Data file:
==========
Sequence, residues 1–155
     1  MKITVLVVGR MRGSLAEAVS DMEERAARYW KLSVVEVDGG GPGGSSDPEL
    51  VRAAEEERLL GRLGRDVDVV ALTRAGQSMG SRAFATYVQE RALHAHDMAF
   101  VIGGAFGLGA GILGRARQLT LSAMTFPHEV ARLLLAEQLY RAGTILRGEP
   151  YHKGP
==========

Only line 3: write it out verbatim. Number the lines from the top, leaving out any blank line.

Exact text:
    51  VRAAEEERLL GRLGRDVDVV ALTRAGQSMG SRAFATYVQE RALHAHDMAF